Cheers,
    Philip Brandes
     
  6. John Garcia

    John Garcia Executive Producer

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    I don't know if you noticed, but 7.1 is an even number of speakers: 6 (sub tecnhically does not count). 7.1 ALREADY has 2 side surrounds and 2 rears...
     
  7. SvenS

    SvenS Second Unit

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  8. AhsanR

    AhsanR Stunt Coordinator

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    Is 7.1, really worth it?

    I really want 5.1, but if 7.1 is really worth it, I will plunk down the extra money.
     
  9. Kevin C Brown

    Kevin C Brown Producer

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    Ahsan- If you have the space and the denaro, I say at least *try* 7.1. If you don't like, you can always go back to 5.1. But I've never actually heard of *anyone* who's tried 7.1 and *not* liked the improvement in the rear soundstage that results. [​IMG]

    Sven- The problem with putting the rear surround speaker up high enough to eliminate reversal, is that now you are *under* the sound field, and not *in* it.

    I found this out when I switched from 5.1 with dipole surrounds the recommended 30" higher than ear level, to towers *at* ear level. For example, instead of feeling like I was *underneath* the action in the 1st 20 min of Saving Private Ryan with the dipoles, I felt like I was *in the middle* of the action with the towers.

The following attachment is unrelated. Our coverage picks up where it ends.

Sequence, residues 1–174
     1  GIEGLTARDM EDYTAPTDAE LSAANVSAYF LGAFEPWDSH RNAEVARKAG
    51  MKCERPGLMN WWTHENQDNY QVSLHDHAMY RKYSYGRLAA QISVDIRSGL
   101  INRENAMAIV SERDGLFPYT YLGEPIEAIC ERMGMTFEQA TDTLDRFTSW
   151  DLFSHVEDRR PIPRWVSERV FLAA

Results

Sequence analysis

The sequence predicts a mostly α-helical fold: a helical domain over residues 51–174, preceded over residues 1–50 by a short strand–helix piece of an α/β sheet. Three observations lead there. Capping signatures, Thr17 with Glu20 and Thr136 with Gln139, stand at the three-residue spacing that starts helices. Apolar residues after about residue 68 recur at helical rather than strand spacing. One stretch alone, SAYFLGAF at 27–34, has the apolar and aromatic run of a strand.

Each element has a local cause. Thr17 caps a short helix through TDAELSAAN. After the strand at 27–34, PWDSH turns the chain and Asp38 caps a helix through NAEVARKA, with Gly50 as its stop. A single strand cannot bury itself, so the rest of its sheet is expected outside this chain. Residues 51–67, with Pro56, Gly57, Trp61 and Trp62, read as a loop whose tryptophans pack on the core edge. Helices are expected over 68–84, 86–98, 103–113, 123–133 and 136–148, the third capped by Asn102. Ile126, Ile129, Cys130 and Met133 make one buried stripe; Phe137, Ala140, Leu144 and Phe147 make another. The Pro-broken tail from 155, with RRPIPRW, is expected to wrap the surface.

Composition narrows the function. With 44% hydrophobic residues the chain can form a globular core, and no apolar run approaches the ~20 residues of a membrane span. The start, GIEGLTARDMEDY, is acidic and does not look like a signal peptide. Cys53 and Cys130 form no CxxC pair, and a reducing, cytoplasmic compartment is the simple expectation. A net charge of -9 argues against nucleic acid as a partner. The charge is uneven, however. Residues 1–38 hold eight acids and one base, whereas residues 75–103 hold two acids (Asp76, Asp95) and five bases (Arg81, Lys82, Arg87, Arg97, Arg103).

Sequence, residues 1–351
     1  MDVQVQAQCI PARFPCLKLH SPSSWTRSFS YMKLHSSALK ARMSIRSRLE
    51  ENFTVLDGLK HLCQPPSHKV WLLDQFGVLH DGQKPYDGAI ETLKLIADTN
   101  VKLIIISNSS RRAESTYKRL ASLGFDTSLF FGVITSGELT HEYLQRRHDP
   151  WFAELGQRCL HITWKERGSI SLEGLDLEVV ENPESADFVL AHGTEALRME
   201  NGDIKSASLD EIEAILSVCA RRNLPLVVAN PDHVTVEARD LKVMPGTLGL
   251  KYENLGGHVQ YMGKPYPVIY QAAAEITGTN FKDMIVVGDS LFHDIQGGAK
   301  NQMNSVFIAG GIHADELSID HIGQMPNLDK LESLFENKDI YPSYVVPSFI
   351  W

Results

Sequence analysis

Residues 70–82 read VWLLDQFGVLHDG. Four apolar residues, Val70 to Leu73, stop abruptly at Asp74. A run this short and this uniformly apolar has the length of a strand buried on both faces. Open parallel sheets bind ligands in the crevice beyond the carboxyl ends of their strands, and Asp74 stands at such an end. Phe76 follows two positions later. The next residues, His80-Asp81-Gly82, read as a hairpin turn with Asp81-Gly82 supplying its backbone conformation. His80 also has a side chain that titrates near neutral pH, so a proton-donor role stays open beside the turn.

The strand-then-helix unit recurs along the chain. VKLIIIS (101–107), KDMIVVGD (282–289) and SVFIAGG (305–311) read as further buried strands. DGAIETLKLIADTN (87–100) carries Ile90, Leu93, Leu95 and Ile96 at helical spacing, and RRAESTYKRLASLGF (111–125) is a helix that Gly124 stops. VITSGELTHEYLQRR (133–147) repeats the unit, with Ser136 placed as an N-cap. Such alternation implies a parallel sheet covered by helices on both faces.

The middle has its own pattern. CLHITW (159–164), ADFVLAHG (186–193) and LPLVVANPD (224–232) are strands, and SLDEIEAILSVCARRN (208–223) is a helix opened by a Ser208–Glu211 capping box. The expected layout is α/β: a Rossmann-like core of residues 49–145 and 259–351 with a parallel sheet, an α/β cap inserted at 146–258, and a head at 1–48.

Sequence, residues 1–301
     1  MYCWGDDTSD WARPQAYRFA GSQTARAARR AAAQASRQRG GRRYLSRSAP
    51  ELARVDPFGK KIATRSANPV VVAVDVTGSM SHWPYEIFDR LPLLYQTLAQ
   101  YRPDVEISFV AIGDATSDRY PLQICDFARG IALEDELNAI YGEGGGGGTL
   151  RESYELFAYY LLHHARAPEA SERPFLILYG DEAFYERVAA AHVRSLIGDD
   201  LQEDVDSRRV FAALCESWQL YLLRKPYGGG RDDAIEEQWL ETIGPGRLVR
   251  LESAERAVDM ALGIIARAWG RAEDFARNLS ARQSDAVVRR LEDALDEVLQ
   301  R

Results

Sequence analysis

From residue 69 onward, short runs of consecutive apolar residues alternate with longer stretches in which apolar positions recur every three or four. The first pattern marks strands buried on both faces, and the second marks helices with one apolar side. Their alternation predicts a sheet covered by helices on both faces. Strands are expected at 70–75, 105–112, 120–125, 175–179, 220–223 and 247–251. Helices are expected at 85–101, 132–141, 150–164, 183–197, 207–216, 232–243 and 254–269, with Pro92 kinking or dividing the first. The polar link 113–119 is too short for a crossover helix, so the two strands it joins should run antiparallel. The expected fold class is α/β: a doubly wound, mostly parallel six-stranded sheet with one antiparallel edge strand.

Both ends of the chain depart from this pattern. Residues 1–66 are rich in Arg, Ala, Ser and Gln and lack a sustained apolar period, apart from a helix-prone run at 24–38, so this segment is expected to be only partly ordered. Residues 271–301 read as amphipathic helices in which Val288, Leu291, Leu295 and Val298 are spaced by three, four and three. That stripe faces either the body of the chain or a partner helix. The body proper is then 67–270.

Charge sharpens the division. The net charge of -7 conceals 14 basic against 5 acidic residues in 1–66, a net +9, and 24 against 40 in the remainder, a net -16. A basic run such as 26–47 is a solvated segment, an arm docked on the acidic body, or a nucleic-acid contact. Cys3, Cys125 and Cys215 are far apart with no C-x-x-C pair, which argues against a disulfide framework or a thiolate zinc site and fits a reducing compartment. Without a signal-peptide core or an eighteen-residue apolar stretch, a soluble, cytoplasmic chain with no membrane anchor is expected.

10. AhsanR

    AhsanR Stunt Coordinator

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    I'm worried I'm gonna blow my money, and as of right now, I'M ON A BUDGET..... thats why I am very VERY hesitant in purchasing.

    I'm new to HT, so tell me something, how often are the rear channels used?
     
  11. SvenS

    SvenS Second Unit

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  12. Philip Brandes

    Philip Brandes Stunt Coordinator

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    Sven,

    Reversals can occur at any point along the median (center) axis equidistant between the ears; elevating a single rear speaker does not solve the problem. Using more than one rear speaker, however, does--which is why Dolby, THX, and dts all take that approach.

    Cheers,
    Philip Brandes
     
  13. Dave Moritz

    Dave Moritz Producer
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    I could go for 8.1 if it was in the configuration like SDDS is in. I am not a big SDDS fan but the idea of dual center channel is nice. IMHO this would work really nice for projection setups with 110" + screens [​IMG] .
     
  14. Kevin C Brown

    Kevin C Brown Producer

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    Sven- I have had the surrounds up high. I've had them at ear level. I much prefer the sound I got at ear level. The speakers were a little bit more localizeable, but I preferred the greater amount of detail that results. Although now I have them all about 1 ft above ear level. This seems to be the consensus for the best placement for Logic 7 and for THX Ultra2. (The detail is still there, and because the angle to my ears at the best listening position is still less than 15 deg, I don't get much high freq rool off. See below. But helps with localization.)